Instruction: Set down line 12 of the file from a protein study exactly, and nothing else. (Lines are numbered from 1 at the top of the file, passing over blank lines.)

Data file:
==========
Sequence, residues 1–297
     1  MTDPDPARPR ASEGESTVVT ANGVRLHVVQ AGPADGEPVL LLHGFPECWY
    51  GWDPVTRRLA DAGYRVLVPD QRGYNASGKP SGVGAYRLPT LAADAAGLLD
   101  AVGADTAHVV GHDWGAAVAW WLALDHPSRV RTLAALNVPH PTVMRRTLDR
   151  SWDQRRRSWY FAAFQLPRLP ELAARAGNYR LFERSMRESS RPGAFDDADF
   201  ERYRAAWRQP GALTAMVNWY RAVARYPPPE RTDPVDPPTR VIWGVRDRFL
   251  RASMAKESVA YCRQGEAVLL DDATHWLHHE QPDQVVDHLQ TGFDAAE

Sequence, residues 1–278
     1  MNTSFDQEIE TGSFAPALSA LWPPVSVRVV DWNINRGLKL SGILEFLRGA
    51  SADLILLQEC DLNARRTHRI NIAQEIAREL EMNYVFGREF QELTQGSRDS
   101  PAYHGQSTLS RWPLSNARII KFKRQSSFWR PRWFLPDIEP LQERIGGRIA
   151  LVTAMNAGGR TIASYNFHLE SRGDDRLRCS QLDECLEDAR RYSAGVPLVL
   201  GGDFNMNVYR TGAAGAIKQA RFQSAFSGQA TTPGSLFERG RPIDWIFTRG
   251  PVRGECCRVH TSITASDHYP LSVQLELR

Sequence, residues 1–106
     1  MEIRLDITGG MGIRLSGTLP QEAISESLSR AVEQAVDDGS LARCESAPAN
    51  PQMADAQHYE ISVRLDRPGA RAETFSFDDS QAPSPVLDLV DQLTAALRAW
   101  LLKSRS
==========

   151  LVTAMNAGGR TIASYNFHLE SRGDDRLRCS QLDECLEDAR RYSAGVPLVL